Hooway for Wodney Wat (Helen Lester)
I love this book! I had a good friend named Rod when I was a teenager. I remember driving home from church one day. He was in our van as was our little cousin Ryan. Ryan was poking Rod and saying, "Wod! Wod! Wod!" when suddenly Rod turned to him and said, "What Wyan??" We laughed and laughed. Never forgot it! The other reason I love this book is one of the characters is a capybara. When Jill was little she had a thing for capybaras. I have no idea where it came from, and at the time, I don't think I even knew what a capybara was....but when I read this book it reminds me of when she was little.
Wodney Wat is a wodent who can't say his Rs. He is embarrassed about this and so tries to stay out of everyone's view as much as possible. A mean old capybara moves in and torments everyone, and somehow Wodney Wat saves the day. Hooway Rodney!!
Courage (Bernard Waber)
Often times we label ourselves or refuse to believe that we are smart, or beautiful, or brave, or some other adjective. This book is a great reminder that there are many ways to show courage. It will be a great book to read for a character discussion at school! When a child needs to work up the courage to do something new it would be a great way to remind them that they are courageous in many different ways!
One (Kathryn Otashi)
Another story that adds personification to colors, just like Yesterday I Had the Blues. Only this time some numbers come along and kick red in the butt. :)
My Heart Will Not Sit Down (Mara Rockliff)
What a beautiful story! This is a true story about a girl in an African village who hears of the suffering people in New York are going through during the depression. She cannot rest until she does something to help them. Her village gathers up $3.77 and sends it to those suffering. $3.77 was a very generous offering from her village, and would have done very little to help anyone struggling during the depression. The sacrifice was much greater than what it could do to help. I loved it! The book I got from the library has the last page torn out. It starts another story of a little town in Guatemala that doesn't have enough to eat and wants to help children in Malawi....never got to read the end of the story though. I think I have to go buy this book! It will be a wonderful book for teaching compassion when we do that character virtue in school!
One curious thing: The author writes under four different names. I've always wondered why people do that! Hmmmmm.....It might satisfy my schizophrenic tendancies to be able to do something like that!! (er, or perhaps it is my tendancy towards multi-talking) :)
Weslandia (Paul Fleischman)
I love love love this book. It's about a boy who doesn't really worry about fitting in with the crowd. Summer is a great time for him because he can really get into something that interests him - so he creates his own civilization called Weslandia. He has a staple food crop, food, clothing, shelter and even recreation. Pretty soon all the other kids want to come check out what he is doing.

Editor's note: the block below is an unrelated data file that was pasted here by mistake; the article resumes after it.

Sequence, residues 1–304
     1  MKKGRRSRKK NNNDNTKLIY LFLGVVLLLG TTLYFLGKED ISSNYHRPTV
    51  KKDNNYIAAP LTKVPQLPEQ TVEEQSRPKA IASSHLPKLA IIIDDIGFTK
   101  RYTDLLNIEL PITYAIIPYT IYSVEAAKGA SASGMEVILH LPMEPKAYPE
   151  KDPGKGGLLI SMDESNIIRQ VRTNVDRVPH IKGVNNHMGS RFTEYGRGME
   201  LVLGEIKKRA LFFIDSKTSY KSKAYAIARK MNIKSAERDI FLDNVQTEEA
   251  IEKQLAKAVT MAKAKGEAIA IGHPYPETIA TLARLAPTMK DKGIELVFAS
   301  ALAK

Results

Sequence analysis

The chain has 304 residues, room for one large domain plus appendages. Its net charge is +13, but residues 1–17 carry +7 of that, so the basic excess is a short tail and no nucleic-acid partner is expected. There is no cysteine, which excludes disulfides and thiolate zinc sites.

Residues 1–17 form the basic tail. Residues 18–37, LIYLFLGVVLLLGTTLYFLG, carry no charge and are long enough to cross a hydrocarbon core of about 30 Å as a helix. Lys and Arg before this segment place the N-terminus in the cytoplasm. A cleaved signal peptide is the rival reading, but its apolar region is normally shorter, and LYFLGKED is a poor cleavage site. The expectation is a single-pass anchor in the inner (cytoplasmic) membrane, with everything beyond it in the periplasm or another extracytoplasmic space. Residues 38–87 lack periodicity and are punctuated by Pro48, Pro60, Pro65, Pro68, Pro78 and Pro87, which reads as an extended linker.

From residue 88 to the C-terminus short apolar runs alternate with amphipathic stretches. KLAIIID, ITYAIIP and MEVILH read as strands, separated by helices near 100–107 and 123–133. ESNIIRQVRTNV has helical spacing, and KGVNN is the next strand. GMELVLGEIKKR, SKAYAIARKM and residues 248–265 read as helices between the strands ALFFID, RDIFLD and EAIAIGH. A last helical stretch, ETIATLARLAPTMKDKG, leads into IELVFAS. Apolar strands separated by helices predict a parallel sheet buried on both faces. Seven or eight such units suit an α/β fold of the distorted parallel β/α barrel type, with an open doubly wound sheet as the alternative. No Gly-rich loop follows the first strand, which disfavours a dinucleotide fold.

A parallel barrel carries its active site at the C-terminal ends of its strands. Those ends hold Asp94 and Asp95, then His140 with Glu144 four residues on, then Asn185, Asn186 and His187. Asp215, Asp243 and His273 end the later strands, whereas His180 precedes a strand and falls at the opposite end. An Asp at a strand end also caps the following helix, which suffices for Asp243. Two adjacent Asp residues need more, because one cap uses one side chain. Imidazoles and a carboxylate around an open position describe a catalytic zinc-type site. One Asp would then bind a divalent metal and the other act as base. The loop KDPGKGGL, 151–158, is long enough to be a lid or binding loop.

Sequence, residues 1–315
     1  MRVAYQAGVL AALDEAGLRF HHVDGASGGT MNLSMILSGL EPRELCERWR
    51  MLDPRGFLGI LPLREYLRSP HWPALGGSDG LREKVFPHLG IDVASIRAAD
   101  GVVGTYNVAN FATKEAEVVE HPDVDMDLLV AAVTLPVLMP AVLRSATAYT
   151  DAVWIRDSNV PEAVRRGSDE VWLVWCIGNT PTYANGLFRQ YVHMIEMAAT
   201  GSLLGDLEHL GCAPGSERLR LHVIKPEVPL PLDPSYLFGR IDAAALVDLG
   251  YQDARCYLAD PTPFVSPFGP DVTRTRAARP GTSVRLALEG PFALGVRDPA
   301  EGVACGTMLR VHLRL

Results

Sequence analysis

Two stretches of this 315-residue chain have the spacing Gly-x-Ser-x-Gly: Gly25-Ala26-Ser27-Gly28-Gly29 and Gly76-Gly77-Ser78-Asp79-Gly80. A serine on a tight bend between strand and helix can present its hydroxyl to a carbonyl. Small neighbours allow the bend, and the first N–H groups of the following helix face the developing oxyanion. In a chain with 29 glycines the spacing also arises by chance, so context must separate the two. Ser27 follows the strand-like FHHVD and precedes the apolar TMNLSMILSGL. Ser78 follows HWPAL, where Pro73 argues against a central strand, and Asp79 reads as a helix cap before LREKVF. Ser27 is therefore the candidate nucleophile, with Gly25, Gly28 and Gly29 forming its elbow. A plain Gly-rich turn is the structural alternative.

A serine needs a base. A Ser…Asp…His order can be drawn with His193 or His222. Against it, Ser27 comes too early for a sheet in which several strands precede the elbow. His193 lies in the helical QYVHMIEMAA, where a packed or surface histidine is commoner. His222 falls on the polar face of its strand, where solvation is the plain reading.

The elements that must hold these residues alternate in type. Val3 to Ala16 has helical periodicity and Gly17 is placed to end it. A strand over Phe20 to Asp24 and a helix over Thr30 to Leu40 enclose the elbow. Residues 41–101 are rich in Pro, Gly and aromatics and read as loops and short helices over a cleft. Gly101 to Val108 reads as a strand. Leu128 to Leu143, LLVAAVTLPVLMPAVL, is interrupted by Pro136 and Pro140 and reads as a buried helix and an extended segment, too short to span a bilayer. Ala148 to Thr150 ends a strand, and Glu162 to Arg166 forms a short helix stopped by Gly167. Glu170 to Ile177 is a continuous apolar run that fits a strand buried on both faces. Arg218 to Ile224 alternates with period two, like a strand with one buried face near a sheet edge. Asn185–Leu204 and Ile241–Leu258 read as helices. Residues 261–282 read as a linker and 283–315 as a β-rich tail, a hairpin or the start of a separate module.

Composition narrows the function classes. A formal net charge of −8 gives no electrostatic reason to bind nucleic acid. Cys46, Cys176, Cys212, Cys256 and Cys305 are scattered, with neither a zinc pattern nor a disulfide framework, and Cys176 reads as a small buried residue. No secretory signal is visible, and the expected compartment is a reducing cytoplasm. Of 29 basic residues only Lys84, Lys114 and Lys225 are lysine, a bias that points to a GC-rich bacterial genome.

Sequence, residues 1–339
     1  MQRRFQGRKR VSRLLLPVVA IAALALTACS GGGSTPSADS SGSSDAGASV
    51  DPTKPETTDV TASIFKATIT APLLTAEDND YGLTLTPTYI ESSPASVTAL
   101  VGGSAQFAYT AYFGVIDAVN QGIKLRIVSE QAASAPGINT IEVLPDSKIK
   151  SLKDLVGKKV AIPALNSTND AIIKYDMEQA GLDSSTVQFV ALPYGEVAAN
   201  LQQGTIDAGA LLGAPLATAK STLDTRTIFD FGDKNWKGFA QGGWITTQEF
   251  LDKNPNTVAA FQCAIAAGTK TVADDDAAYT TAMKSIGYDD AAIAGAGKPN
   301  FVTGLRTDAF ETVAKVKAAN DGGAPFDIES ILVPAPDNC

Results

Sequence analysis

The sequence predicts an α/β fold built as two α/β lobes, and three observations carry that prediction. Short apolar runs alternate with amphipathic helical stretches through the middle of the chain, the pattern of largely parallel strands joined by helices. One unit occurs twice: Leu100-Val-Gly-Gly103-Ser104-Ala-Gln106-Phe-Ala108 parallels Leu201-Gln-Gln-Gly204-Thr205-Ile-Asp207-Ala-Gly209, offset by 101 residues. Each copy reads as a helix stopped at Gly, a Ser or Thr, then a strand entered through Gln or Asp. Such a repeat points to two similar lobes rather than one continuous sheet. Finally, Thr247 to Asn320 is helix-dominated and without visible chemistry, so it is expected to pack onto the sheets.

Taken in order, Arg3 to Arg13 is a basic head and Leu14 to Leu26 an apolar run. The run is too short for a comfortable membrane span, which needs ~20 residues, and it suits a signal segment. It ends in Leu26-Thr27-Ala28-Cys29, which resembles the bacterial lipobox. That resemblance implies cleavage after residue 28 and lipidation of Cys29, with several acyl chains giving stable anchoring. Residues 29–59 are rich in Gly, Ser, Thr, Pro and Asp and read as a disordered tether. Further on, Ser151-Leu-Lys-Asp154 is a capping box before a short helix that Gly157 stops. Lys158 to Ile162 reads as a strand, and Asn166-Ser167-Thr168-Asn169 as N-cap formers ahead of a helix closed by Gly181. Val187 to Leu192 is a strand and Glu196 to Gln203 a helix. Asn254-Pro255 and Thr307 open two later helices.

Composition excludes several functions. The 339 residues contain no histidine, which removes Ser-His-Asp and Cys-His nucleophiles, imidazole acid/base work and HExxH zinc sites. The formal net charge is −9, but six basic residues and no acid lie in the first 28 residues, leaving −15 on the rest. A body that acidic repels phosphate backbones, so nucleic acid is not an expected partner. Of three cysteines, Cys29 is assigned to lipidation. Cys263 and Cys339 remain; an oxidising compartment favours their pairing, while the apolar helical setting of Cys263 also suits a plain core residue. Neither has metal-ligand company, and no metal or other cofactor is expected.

I like this book because I think almost everyone at one time or another feels like they don't fit in. And who couldn't be inspired by a kid who just goes about doing something great, rather than worrying about "having" or "being" or "doing" just like everyone else. If you ask me, when you quite worrying about everyone else that's what you can really find your own real happiness.
One funny little quirk....inside this book a child had left some sticky notes. Whoever that kid is, I love him/her!
I have really been looking for some great picture books to kick off the school year. This one might be one - but even more, I think it would be a great one to read at the end of the school year as kids are embarking on summer vacation. Although, because this book is so good, and the illustrations are great, it might be a great one to kick off our year's book club discussions!
Ish (Peter H Raynolds)
Another great self-esteem book. I think there are some great teachable truths from this book! I found a great blog with some ideas for that too! Check it out here.
You can't always do it all perfectly, so do it -ishly....draw pictures that are peace-ish, silly-ish, etc. Writing poem-ish poetry
Love the ending: ...and Ramon lived ishfully ever after.
The Junkyard Wonders (Patricia Polacco)
I wasn't totally comfortable with this book...but then again, sometimes great books DO make you uncomfortable and make you think about things like how people treat each other. I couldn't quite get over the idea that a bunch of kids were put into one class because they were odd or didn't learn very well. I guess I'm a fan of inclusive education, deep down inside! I also couldn't stand the label - the Junkyard, that was given to the class. So hurtful!! The teacher has a positive spin on it, but I wonder how many kids really bought it, or bought it soon enough to not be damaged by the label.
The story is about a girl who is excited that she will be going to a new school where no one knows about her issues, only to find out she is in the class with all the kids with issues, and everyone knows it. They have a great experience together though that binds them and that they never forget (and the author writes a book about it). It's kind of heart warming, especially as an adult, but I'm not sure it'd be a great one for kids. Then again, it might bring about some great discussions about inclusion and friendship!